JT: I’ve done it once. An old fella had fallen, so I had to call an ambulance for him. Then, about a year ago, I got to someone’s house and the old lady that lived there was on the floor. I was knocking on the door and I could hear her in there and she was moaning a bit. So I went in and she’s on the floor, wrapped around a plastic fruit shelving unit. So, here’s my thing about the state of the Royal Mail at the minute and the way that it’s going, I think it’s really important to have people like us going door to door and being a regular face, because that’s happened to me a few times when someone’s in trouble and you either help out, or you comfort them.

KB: I’ve got a regular delivery, so quite a few of the elderly people on my round ask me to give them a shout every morning. Rather than just post it through their letterbox, they ask me to open the door and shout to make sure they’re alright.

This is something an Amazon driver, even if they wished to do it, they wouldn’t have the time, because they’re up against quotas.

JT: This conversation is timed well, politically at the minute, with what’s going on. Because this is the stuff that will get stripped away.

KB: Exactly. I think that’s the side of it that we stand to lose, the way that management seem to be wanting to take the business. It looks pretty obvious that they are wanting to have more of an Amazon style, parcel courier model and really the postal side of it, doing a regular round every day, they’re definitely putting that on the back burner. It looks as though we’re potentially going to be replaced by people on much less generous pay and conditions. I know they’ve announced ten thousand redundancies, presumably with the full-time contingent and they’ve already hired ten thousand, as far as I know, agency drivers on twenty percent less pay, no sick pay, no holiday pay, all that kind of thing. They’re saying they can’t afford pay rises, they can’t afford to keep us, but it seems like they’re just replacing us.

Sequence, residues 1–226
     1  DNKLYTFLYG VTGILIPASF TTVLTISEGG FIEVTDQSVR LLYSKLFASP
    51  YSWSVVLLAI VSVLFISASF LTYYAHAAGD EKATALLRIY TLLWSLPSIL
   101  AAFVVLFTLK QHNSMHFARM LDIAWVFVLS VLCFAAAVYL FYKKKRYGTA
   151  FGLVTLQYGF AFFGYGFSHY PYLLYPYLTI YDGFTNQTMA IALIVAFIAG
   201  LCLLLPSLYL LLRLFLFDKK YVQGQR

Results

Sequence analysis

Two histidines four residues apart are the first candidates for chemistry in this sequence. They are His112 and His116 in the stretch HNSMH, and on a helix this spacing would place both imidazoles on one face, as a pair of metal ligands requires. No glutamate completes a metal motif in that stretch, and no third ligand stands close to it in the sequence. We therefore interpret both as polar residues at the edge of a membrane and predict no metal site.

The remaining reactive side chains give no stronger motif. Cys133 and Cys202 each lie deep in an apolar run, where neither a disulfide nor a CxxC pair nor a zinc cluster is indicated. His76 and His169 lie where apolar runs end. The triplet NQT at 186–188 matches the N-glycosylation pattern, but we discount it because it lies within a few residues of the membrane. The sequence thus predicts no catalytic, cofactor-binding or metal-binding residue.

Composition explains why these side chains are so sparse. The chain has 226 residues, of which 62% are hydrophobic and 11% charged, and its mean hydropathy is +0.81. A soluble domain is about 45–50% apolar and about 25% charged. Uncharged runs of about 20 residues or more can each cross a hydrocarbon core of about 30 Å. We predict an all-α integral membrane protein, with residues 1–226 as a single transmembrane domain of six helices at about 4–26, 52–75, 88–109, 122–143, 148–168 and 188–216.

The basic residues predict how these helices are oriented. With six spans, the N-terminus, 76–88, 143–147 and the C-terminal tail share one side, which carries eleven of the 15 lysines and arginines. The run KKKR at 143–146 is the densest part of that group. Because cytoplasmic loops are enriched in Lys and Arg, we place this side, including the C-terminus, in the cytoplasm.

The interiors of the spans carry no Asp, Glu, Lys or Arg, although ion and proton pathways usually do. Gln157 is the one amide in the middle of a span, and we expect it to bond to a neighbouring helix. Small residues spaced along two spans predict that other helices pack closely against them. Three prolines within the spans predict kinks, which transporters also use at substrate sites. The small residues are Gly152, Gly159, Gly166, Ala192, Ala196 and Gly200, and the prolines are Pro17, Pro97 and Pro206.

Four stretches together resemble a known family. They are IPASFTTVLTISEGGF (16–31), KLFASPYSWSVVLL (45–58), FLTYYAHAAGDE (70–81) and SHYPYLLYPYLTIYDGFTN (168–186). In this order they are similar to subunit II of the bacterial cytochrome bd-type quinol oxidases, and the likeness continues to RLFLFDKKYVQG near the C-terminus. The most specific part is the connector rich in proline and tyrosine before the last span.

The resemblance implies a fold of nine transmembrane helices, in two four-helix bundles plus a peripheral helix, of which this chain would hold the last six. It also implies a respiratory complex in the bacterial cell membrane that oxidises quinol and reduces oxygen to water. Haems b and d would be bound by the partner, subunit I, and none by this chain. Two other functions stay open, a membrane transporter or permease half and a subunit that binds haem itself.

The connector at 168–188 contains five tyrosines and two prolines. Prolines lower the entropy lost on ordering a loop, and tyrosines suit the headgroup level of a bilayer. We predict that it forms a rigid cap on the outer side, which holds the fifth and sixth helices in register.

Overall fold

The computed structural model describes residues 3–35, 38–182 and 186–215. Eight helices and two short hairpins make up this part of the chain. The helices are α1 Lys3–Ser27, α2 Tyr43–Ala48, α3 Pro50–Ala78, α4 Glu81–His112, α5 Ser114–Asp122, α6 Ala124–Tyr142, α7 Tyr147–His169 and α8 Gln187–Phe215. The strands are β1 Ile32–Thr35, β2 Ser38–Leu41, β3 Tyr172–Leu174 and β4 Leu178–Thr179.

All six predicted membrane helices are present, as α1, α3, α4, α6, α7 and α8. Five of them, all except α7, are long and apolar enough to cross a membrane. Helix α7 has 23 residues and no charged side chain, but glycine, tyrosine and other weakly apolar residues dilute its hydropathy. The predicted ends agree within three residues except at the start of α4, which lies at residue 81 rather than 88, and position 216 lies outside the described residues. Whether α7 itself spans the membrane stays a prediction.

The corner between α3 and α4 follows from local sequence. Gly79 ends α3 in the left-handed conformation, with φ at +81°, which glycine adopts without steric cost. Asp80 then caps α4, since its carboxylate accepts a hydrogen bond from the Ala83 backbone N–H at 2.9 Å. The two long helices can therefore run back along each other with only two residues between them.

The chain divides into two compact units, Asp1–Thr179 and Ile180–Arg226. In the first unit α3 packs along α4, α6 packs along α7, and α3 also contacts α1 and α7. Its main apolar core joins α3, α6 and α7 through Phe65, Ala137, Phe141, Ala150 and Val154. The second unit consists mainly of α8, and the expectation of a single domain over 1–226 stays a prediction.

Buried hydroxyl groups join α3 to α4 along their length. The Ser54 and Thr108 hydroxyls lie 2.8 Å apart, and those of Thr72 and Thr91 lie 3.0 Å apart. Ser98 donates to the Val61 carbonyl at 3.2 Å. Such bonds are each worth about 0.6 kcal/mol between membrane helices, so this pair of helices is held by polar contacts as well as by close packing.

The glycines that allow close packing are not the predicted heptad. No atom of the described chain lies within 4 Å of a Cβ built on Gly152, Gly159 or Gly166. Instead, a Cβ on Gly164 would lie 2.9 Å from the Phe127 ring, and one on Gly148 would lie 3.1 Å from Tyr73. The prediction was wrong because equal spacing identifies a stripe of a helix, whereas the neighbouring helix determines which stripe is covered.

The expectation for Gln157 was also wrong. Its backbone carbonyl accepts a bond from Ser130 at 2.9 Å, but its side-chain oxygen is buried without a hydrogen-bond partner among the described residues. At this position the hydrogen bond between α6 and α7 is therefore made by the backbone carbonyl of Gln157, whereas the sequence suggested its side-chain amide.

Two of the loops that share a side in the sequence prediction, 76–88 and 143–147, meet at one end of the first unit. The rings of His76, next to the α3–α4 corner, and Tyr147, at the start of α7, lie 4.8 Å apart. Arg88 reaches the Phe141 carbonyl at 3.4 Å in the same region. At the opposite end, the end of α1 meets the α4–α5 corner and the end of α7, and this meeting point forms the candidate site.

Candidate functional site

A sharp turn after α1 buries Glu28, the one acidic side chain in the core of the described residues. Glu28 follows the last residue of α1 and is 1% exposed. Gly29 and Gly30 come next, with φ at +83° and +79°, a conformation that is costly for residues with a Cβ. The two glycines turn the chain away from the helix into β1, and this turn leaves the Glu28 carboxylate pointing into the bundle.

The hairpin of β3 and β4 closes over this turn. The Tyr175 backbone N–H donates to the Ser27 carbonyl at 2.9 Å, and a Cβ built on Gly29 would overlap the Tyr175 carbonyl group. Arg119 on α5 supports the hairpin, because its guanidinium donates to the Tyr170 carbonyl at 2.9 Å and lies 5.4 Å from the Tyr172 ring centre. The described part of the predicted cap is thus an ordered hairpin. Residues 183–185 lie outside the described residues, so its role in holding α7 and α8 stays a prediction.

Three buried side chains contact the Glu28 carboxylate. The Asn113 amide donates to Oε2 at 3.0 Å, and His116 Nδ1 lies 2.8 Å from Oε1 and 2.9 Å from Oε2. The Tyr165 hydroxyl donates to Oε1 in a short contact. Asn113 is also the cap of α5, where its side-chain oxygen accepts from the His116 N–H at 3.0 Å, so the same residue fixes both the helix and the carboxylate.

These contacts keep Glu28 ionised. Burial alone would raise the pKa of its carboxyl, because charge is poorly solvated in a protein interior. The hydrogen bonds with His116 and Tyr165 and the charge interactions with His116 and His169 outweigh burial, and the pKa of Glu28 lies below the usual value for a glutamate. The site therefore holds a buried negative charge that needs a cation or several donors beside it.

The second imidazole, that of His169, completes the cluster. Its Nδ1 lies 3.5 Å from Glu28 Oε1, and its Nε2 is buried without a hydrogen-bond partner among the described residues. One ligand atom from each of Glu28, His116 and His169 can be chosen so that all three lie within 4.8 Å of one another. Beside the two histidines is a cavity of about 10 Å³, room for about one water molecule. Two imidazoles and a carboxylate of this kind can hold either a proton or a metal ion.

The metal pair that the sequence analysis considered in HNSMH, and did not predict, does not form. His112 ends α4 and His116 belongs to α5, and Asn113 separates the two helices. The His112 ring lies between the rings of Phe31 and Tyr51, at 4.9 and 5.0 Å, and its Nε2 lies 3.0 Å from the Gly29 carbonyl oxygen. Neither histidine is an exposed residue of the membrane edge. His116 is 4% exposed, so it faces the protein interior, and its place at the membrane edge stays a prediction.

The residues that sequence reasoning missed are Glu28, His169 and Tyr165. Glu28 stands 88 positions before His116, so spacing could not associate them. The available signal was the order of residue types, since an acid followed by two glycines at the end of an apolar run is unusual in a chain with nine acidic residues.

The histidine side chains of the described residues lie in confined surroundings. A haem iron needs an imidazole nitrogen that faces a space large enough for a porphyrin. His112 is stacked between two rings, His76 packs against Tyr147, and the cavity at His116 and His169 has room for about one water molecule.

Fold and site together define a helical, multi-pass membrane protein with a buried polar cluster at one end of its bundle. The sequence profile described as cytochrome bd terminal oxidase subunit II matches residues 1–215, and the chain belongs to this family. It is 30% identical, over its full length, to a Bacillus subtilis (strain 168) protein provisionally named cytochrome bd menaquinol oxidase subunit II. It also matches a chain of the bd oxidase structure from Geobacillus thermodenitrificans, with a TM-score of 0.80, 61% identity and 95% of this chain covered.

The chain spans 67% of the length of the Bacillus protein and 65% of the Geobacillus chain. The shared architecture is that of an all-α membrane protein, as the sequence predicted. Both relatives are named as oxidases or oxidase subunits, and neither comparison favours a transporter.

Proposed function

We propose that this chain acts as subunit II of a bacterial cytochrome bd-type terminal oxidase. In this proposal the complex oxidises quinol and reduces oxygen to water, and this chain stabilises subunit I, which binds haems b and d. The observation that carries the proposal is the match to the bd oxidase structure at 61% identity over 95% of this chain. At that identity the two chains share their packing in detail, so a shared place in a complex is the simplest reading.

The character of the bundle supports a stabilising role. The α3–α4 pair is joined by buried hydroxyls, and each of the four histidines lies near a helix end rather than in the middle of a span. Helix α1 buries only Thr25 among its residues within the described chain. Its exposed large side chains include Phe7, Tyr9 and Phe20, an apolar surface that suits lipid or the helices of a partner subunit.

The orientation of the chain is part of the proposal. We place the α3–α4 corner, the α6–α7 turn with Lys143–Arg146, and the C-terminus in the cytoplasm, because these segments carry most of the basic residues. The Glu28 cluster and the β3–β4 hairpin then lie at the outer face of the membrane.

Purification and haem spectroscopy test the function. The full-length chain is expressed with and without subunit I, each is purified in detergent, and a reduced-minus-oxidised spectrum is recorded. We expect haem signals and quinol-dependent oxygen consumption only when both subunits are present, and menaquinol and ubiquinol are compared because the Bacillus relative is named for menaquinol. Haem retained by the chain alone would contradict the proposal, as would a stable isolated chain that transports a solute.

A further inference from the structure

Is that legal under UK employment law?

KB: They did it with British Gas and P&O. That’s my understanding of the situation. And they definitely started taking on the agency staff before any of this dispute. So, it’s not like they’ve just brought in the agency workers to break the strike, I think this has been planned for a while.

JT: Was it two, or three weekends back when they went to the government to try and stop the USO – The Universal Service Obligation? The idea is, there’s 32 million delivery points in the country and Royal Mail is supposed to go to every one of them daily, Monday to Saturday, and they’re trying to drop the Saturday. Anyway, they went to the government with that, during all these discussions.

KB: It’s very antagonistic, the way they’ve gone about it.

Has this thing been moving in this direction since the move to online shopping and emails replacing letters, and of course competition from other delivery services?

JT: It’s privatisation was the thing that did it, I think.

KB: I agree completely. Obviously, we’ve got this USO, which was fine when we were a public service, but as a private company, none of our competitors have got to deal with what we have to deal with as a public service. We can’t really compete, which is what the management’s argument is now.